Schooling: The Irish education system is ranked among the top 20 in the world. The provision of Education in Ireland is free, but there are costs associated with sending your children to school.

It costs on average €600 and €1,200 to send a child to primary and secondary school annually, covering books, uniforms, footwear, supplies, grinds, lunch and extra-curricular activities. For third level, expenses can reach €9,000 annually, but this falls to under €5,000 for those who live at home.

Childcare: Childcare in Ireland is expensive, averaging between €700 and €750 per week in Cork and Galway and a little more than €1,000 in Dublin

There are supports available, however. The Government’s Early Childhood Care and Education Scheme provides a contribution for children of preschool age.

Children can start at 2 years and 8 months and continue until they transfer to primary school, provided they are not older than 5 years and 6 months at the end of the preschool year. In terms of daycare, the State will fund three hours per day five days a week.

Medical care: Children under the age of six enjoy free GP care in Ireland. Talks are taking place to extend that to 12 years, and there is a commitment in Programme for Government to provide free GP care to all under 18s before end of this Dáil term.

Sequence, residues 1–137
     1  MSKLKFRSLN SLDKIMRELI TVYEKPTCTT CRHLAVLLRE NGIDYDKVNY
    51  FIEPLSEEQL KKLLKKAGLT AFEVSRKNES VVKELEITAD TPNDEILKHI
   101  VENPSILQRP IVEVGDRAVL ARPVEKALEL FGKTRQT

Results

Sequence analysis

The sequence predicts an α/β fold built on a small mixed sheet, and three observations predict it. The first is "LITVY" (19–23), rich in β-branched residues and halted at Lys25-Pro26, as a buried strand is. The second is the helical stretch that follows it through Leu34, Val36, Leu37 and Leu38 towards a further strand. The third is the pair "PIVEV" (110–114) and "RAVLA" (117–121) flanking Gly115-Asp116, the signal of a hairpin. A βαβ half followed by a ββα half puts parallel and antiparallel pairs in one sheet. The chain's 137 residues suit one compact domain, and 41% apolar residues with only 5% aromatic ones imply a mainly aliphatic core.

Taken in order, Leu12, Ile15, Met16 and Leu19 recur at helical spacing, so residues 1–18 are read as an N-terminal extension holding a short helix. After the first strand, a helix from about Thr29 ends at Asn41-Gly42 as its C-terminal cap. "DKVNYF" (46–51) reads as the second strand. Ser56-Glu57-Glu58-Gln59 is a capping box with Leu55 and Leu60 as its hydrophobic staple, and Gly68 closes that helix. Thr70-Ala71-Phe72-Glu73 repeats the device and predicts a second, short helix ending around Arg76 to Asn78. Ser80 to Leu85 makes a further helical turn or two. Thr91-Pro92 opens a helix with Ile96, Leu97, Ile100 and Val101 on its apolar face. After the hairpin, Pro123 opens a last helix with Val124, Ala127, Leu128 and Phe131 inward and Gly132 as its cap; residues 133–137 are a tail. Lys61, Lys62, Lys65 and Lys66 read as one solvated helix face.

Child Benefit: Child Benefit is an monthly payment to parents of children under 16 years of age or up to 18 years if they are in full-time education, training or have a disability and cannot support themselves.

It amounts to €140 per month for each child. For twins, it’s paid at one and a half times the normal monthly rate. For triplets and other multiple births, it’s paid at double the monthly rate for each child.

Buying a car: Today, many people in Ireland are choosing PCP finance when buying a vehicle, which means entering into a contract with the manufacturer.

People pay a deposit on buying a vehicle and commit to monthly payments for the following three years, before making one final payment to take ownership. On a new Passat monthly payments would be around €399. Financial institutions, however, still offer vehicle loans from 9% to 12.5%APR.

Car insurance: Ex-pats are finding it difficult to get insured, largely because any no claims bonus they built up before leaving has expired. Returning Irish have been quoted anything from €2,000 to €4,000 for insurance, while others have been asked to pay much more.

Many insurers will refuse to provide a quote. Some will take into account driving experience while abroad if you can provide evidence of it. Another option is to go as a named driver on a vehicle while you rebuild your driving experience in Ireland.

So, there you have it: everything you need to know and more if you are considering making the move home to Ireland.

Why not contact HERO Recruitment today and learn about the fantastic job opportunities currently available. Contact Galway on (091) 73002, Dublin on (01) 6190279 and Cork on (021) 2066287 or log onto www.hero.ie or email us on info@hero.ie